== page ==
A Study Of The Spanish Language In Public
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A Study Of The Spanish Language In Public

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A Study Of The Spanish Language In Public A Study Of The Spanish Language In Public Presentation Transcript

    • POPULATION According to United States Census data, 16.1% of the population in New York State are of Hispanic origin.  These groups vary in size from one county to the next as evident in the Bronx where 48.4% of the population is of Hispanic decent, and in Lewis county where .06% of the population is of Hispanic decent.  Figure 1 shows the distribution of Hispanic populations throughout New York State counties.  The majority of Hispanic populations in each county average between 1% and 10%.
    Figure 1
    • CATALOG INTERFACE
    • Can a Spanish speaking/reading patron navigate the OPAC in the native language? Thirty-two percent of the catalogs contained the option to select a Spanish interface. The remaining 68% of OPAC’s were accessible only in English.  Figure 2 illustrates  Hispanic population data for those counties where the public library system's catalog has no Spanish interface . 
    Yates Figure 2
    • How obvious was the text or icon that indicated the user could switch to a Spanish interface?
    • The location on the OPAC home page of the option to switch to a Spanish interface varied among the catalogs that provided this component. A breakdown is provided in Figure 3.  
  • LANGUAGE LIMITING Can the user apply a Spanish language limit to the search? Of the 62 counties, 85% of the OPACs included an option to select the Spanish language as a search limit.  Figure 4 illustrates the Hispanic populations for counties with catalogs that did not have language limits. Figure 4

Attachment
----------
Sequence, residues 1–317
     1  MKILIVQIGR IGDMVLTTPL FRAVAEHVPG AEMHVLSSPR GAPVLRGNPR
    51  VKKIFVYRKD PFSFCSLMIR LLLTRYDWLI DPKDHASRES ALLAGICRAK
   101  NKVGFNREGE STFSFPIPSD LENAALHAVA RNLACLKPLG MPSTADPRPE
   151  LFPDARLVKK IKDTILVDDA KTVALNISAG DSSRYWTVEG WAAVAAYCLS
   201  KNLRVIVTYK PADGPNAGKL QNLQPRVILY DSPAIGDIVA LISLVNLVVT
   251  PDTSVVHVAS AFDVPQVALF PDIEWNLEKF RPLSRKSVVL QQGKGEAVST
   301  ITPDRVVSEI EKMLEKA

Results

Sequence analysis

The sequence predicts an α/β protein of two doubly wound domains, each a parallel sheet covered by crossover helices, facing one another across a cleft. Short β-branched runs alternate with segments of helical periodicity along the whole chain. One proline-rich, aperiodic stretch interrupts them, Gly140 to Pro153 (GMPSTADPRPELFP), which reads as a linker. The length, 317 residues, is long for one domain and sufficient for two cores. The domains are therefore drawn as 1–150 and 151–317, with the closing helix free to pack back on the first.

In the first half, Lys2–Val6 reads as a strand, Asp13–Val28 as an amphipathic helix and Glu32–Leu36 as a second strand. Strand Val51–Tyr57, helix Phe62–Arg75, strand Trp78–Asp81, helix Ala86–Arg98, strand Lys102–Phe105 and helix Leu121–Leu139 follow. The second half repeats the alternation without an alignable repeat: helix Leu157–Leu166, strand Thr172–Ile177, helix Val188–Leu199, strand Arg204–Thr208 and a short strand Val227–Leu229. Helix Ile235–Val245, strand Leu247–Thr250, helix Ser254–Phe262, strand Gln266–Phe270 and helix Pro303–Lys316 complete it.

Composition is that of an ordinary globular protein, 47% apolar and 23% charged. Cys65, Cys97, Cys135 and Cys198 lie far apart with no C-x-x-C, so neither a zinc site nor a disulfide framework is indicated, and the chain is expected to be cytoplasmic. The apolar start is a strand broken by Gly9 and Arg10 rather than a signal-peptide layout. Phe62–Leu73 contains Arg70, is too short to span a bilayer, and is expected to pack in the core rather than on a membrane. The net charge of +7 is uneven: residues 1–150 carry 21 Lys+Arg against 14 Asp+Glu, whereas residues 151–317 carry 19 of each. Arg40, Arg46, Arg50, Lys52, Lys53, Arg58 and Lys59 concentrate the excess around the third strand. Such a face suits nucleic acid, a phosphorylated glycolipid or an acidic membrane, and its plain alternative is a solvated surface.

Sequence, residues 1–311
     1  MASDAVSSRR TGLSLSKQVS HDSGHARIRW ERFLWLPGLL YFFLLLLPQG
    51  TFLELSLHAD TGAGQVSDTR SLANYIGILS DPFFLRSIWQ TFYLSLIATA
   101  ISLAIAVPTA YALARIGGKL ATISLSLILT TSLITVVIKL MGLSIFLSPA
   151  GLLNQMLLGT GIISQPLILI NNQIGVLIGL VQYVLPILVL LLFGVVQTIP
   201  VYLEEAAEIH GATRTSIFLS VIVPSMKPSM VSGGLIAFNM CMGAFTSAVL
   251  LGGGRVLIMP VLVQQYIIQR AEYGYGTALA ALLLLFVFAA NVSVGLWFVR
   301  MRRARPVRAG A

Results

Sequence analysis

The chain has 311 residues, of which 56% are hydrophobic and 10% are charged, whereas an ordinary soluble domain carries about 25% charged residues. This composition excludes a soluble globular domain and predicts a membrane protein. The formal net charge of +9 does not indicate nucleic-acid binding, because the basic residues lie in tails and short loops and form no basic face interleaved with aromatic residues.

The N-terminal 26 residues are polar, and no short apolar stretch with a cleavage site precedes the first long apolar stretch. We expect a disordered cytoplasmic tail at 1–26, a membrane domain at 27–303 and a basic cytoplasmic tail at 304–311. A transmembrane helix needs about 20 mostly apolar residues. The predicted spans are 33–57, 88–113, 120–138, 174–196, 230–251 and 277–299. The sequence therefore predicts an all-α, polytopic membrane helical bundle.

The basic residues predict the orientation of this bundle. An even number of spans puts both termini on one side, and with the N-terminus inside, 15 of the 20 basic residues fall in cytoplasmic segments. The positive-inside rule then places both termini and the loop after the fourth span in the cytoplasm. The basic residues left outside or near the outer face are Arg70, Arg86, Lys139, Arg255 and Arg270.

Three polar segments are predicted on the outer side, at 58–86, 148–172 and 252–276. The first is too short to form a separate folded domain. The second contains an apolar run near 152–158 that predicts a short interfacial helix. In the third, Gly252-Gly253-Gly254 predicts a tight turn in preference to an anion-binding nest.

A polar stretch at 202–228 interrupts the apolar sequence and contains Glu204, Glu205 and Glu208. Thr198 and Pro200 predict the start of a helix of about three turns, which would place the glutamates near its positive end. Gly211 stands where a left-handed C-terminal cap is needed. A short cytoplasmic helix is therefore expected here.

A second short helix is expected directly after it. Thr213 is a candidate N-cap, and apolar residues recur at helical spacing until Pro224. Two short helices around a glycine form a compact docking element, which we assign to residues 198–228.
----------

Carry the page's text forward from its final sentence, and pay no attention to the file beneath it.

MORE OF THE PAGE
• What is the process for limiting by language? Data revealed that 11% of the OPAC’s allowed limiting to Spanish from the main search entry page, while the other 89% required the user to navigate to an advanced search and limit menu. Figure 5 represents the percent of Hispanics in counties where advanced navigation is required to change the search language to Spanish.    Figure 5
  • SUBJECT SEARCHING Can the user search by Spanish subject term? When the Spanish subject term “perros” was entered in the main search box, 66% of the catalogs accepted searches using Spanish terms. Alternatively, 44% required the user to navigate to an advanced menu and search the subject by limiting to the Spanish language. Of the catalogs that allowed Spanish searching from the main search page, 76% provided records in both Spanish and English. Hispanic speaking users in these counties must navigate to an advanced menu in order to search by subject in Spanish . Figure 6
  • CATALOGING Are Spanish subject terms utilized in MARC records? The MARC records resulting from searches with Spanish subject terms were reviewed. Of the 62 counties, 46% of the OPACs contained records with Spanish subheadings in MARC 650 fields. Of the 54% that did not, the Hispanic populations are illustrated below. Hispanic population of counties where there were no Spanish subject headings in the MARC records.   Figure 7
  • Summary Of Findings